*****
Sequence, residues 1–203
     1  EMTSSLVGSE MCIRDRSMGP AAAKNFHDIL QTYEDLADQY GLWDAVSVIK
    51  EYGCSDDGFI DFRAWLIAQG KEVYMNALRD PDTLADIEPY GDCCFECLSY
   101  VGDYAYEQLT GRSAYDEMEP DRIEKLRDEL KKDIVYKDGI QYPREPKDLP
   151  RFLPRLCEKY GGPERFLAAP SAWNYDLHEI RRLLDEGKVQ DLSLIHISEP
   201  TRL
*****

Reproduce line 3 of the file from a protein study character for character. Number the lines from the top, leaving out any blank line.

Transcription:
    51  EYGCSDDGFI DFRAWLIAQG KEVYMNALRD PDTLADIEPY GDCCFECLSY